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Bone Marrow Transplant Plus Cyclophosphamide and Total-Body Irradiation in Treating Patients With Hematologic Cancer

Information source: National Cancer Institute (NCI)
Information obtained from ClinicalTrials.gov on June 20, 2008
Link to the current ClinicalTrials.gov record.

Condition(s) targeted: Leukemia; Myelodysplastic Syndromes; Myelodysplastic/Myeloproliferative Diseases

Intervention: anti-thymocyte globulin (Drug); cyclophosphamide (Drug); filgrastim (Drug); methotrexate (Drug); sargramostim (Drug); tacrolimus (Drug); therapeutic immune globulin (Drug); allogeneic bone marrow transplantation (Procedure); radiation therapy (Procedure)

Phase: Phase 2

Status: Active, not recruiting

Sponsored by: Fox Chase Cancer Center CCOP Research Base

Official(s) and/or principal investigator(s):
Kenneth F. Mangan, MD, FACP, Study Chair, Affiliation: Fox Chase Cancer Center CCOP Research Base

Summary

RATIONALE: Drugs used in chemotherapy use different ways to stop cancer cells from dividing so they stop growing or die. Radiation therapy uses high-energy x-rays to damage cancer cells. Combining chemotherapy and radiation therapy together with bone marrow transplant may allow the doctor to give higher doses of chemotherapy drugs and kill more cancer cells.

PURPOSE: This phase II trial is studying how well giving bone marrow transplant from an unrelated donor together with cyclophosphamide and total-body irradiation works in treating patients with hematologic cancer.

Clinical Details

Official title: Unrelated Bone Marrow Transplantation With Cyclophosphamide and Total Body Irradiation For Hematologic Malignancies and Bone Marrow Failure States

Study design: Treatment, Open Label

Detailed description: OBJECTIVES:

- Study the curative potential of high-dose cyclophosphamide and total-body irradiation

followed by rescue with bone marrow from volunteer HLA-matched donors in patients with a variety of hematologic malignancies and bone marrow failure states.

- Study the toxic effects associated with matched unrelated bone marrow transplantation in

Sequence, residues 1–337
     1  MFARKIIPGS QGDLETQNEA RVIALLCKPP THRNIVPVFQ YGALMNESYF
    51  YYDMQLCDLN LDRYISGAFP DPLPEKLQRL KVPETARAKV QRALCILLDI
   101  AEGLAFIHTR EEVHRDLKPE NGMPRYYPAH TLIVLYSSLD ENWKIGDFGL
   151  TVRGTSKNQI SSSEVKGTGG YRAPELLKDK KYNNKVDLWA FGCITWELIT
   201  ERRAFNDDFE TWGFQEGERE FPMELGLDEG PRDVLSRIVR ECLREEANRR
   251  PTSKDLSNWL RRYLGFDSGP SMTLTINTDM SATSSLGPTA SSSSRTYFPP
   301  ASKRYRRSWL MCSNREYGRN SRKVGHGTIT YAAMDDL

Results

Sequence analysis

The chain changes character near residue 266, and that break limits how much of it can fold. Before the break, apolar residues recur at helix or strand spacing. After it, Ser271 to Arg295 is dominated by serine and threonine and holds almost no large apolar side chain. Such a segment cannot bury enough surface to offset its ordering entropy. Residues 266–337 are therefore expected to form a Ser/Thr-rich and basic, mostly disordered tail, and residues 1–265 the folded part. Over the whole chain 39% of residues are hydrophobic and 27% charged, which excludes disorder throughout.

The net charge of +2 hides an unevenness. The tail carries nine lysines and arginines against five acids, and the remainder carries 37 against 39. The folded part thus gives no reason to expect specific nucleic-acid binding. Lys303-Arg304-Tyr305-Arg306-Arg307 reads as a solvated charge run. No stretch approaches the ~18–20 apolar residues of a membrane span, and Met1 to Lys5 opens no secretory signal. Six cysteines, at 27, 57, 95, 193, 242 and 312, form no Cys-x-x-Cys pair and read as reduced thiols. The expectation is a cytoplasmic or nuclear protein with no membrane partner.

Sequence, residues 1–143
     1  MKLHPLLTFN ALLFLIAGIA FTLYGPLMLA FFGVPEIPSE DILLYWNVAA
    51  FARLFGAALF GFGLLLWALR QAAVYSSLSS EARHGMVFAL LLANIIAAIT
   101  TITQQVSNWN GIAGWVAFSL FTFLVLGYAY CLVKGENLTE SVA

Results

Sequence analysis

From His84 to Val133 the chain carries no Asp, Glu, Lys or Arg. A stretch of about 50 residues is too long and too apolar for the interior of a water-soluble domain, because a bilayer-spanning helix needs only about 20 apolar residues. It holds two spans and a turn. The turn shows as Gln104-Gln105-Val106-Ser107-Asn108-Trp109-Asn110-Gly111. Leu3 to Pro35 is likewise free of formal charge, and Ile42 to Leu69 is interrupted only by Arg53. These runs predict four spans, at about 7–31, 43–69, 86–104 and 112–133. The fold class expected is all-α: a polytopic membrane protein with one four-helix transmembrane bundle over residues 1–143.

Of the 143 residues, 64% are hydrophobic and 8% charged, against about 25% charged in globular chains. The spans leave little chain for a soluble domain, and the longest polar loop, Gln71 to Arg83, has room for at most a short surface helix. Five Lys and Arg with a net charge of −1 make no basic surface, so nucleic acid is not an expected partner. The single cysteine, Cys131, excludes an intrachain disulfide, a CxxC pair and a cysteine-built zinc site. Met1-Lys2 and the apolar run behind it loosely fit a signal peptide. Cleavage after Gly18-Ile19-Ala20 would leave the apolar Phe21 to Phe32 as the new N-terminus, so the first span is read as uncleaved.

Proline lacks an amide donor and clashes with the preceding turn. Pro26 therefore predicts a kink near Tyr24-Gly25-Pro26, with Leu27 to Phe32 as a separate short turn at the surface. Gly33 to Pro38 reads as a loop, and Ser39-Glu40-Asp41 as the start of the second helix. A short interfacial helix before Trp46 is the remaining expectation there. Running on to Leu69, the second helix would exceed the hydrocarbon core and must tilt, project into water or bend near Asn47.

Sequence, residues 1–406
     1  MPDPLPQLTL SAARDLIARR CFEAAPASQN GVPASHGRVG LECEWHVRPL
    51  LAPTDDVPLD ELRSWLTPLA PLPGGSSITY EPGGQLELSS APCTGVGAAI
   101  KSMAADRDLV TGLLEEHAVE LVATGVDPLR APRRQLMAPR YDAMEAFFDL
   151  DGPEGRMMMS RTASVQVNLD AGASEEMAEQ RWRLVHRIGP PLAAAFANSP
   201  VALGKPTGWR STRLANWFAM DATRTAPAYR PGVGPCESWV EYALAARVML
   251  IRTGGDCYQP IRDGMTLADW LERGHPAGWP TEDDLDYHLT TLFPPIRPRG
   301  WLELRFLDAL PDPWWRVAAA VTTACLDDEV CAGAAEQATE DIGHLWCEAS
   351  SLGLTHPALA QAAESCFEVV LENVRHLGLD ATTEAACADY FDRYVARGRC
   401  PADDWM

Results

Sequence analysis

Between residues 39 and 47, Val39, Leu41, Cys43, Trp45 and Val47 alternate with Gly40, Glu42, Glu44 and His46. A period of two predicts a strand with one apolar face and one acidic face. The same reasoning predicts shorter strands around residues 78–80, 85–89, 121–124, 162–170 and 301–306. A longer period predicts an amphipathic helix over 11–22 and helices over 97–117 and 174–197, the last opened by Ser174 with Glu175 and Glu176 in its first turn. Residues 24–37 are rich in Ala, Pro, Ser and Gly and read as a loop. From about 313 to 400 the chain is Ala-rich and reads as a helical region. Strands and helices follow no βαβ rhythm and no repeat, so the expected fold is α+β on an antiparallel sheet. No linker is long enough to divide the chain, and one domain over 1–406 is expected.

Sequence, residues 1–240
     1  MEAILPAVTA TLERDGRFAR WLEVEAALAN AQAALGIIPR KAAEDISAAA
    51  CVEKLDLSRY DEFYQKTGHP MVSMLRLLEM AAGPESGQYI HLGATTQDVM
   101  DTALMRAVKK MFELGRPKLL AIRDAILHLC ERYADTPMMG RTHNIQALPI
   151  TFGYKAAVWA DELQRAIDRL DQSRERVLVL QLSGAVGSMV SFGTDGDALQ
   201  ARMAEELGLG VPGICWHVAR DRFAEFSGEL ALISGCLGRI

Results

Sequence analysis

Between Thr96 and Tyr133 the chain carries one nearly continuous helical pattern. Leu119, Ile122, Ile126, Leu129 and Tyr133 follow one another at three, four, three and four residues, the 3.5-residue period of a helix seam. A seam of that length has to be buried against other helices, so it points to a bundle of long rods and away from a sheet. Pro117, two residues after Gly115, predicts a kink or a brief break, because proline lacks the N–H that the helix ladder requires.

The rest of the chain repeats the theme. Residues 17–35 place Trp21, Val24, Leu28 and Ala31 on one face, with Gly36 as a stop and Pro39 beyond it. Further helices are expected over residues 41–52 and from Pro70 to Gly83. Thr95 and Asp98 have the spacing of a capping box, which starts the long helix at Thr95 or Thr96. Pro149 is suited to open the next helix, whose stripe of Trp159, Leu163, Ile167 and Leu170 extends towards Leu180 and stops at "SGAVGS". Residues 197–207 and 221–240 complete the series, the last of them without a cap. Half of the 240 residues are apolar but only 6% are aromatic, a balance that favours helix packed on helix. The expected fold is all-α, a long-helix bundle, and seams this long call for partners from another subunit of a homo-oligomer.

this patient population.

- Participate in collaborative research studies with the National Marrow Donor Program.

OUTLINE: All patients receive myeloablative therapy with high-dose cyclophosphamide and total body irradiation over 4 days; patients with severe aplastic anemia also receive antithymocyte globulin. Patients then undergo allogeneic bone marrow transplantation. Filgrastim (G-CSF) is given after transplant to accelerate engraftment. Sargramostim (GM-CSF) may be given in case of graft failure.

All patients receive graft-versus-host-disease (GVHD) prophylaxis with tacrolimus, methotrexate, and gamma globulin. Established GVHD is treated with corticosteroids and, as necessary, antithymocyte globulin.

Patients are followed at 100 days, 6 months, and 1 year after transplant, then annually thereafter.

PROJECTED ACCRUAL: A total of 10 patients per year will be accrued for this study over 5 years.

Eligibility

Minimum age: 17 Years. Maximum age: 60 Years. Gender(s): Both.

Criteria:

DISEASE CHARACTERISTICS:

- One of the following hematologic malignancies/disorders:

- Acute lymphoblastic leukemia

- In second or subsequent complete remission (CR)

- In first CR with high-risk features (e. g., Philadelphia

chromosome-positive)

- In first relapse and failed conventional salvage therapy

- Acute myelogenous leukemia (AML)

- In second or subsequent CR

- In early first relapse

- In full first relapse and failed conventional salvage therapy

- In first CR with high-risk features, e. g., trisomy 8 or FAB 6/7

- Standard-risk AML offered conventional-dose consolidation chemotherapy

or autologous bone marrow transplantation

- Chronic myelogenous leukemia in chronic, accelerated, or second chronic phase

- No blast crisis

- Severe aplastic anemia that has failed at least 1 course of immunosuppressive

therapy

- Paroxysmal nocturnal hemoglobinuria with high-risk features (e. g., disseminated

intravascular coagulation, thrombotic events)

- Myelodysplastic syndrome, i. e.:

- Symptomatic, transfusion-dependent refractory anemia with excess blasts

- (RAEB) or RAEB in transformation

- Secondary leukemia in CR following conventional-dose induction chemotherapy

- Unrelated marrow donor available who is 8 out of 10-, 9 out of 10-, or 10 out of

10-antigen serologically HLA-matched at A, B, C, DRb, and DQB loci by molecular typing

- No CNS malignancy

PATIENT CHARACTERISTICS:

Age:

- 17 to 60

Performance status:

- Karnofsky 70-100%

Life expectancy:

- No reduction due to other serious illness

Hematopoietic:

- Not specified

Hepatic:

- Bilirubin less than 3 mg/dL

- AST/ALT no greater than twice normal

Renal:

- Creatinine no greater than 2. 0 mg/dL

- Creatinine clearance greater than 60 mL/min

Cardiovascular:

- Left ventricular ejection fraction at least 45%

- No severe hypertension

Pulmonary:

- DLCO, FEV_1, and FVC at least 50%

Other:

- HIV negative

- No active infection at time of transplant

- No advanced diabetes

- No significant neurologic deficit

- No active drug or substance abuse

- No emotional disorders

- Able to participate in frequent medical care for at least 1-2 years

- Willing to comply with National Marrow Donor Program policies

PRIOR CONCURRENT THERAPY:

Biologic therapy

- See Disease Characteristics

Chemotherapy

- See Disease Characteristics

Endocrine therapy

- Not specified

Radiotherapy

- Not specified

Surgery

- Not specified

Locations and Contacts

Fox Chase-Temple Cancer Center, Philadelphia, Pennsylvania 19111-2442, United States
Additional Information

Clinical trial summary from the National Cancer Institute's PDQ® database

Starting date: August 1996
Last updated: May 23, 2008

Page last updated: June 20, 2008

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